Tag Archives: women in the workforce

I used to think that I had to be a ‘mean boss’ to be respected — but changing my approach got better results

This article was originally published by Business Insider, May 18, 2017.

Recently I was settling into my seat on a flight when a woman stomped onto the plane and barreled down the aisle while talking loudly on her ear piece. She was dressed in professional clothing as though she just got out of a meeting, and was visibly flustered trying to talk into her Blackberry while trying to find overhead space for her bag.

Her seat happened to be right across from mine so I couldn’t help but overhear her conversation. I could tell she was in talking to one of her employees because she was reviewing his (I heard the name ‘Jeff’) work and telling him what to change.

I cringed at her conversation and the tone she took with Jeff: condescending, impatient, and downright rude. She made disparaging remarks about his work, remarking she was surprised he graduated from an Ivy League school given the quality of his work. She offered suggestions to improve his work, but in a way that must have made poor Jeff feel like he was the most incompetent person on the planet. She may have been right to reprimand Jeff for poor performance, but her delivery was disrespectful.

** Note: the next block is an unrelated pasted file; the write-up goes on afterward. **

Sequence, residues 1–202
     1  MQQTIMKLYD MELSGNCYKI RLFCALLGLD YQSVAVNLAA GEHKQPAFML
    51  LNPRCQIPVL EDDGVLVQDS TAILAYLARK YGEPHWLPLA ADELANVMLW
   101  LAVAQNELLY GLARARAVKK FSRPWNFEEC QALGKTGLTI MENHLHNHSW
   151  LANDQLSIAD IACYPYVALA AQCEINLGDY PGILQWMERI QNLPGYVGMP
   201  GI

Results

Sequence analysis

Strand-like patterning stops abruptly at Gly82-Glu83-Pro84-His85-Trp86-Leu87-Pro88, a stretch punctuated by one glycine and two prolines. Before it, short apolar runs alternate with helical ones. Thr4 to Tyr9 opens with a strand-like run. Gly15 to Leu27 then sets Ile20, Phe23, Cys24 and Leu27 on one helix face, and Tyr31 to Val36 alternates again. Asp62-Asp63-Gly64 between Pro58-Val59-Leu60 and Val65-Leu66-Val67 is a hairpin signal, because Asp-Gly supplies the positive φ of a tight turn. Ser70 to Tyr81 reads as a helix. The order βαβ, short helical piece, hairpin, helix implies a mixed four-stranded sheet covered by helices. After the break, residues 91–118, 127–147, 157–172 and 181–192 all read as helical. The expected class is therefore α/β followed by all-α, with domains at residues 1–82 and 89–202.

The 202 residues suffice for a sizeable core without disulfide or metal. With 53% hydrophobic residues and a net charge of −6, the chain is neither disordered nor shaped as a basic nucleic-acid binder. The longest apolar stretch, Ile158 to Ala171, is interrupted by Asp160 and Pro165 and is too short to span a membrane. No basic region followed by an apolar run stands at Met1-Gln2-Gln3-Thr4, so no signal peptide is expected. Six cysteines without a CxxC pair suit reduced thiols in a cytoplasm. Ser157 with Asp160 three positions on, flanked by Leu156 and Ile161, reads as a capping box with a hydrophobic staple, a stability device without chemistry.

As much as I disapprove of this woman’s behavior, I can also relate because I’ve been her before. I’ve been the no-nonsense, take-no-crap from anyone boss who doesn’t hesitate to yell at a subordinate or use a harsh tone in the hopes that a scolding will be the motivator he or she needs to do better next time.

But what I learned over time, and what my neighbor on that flight will likely learn too, is that being the mean boss won’t get you anywhere. That being condescending, sarcastic, disrespectful, or rude might feel good in the moment when you’re angry, but is a guaranteed way to lose the trust of your team.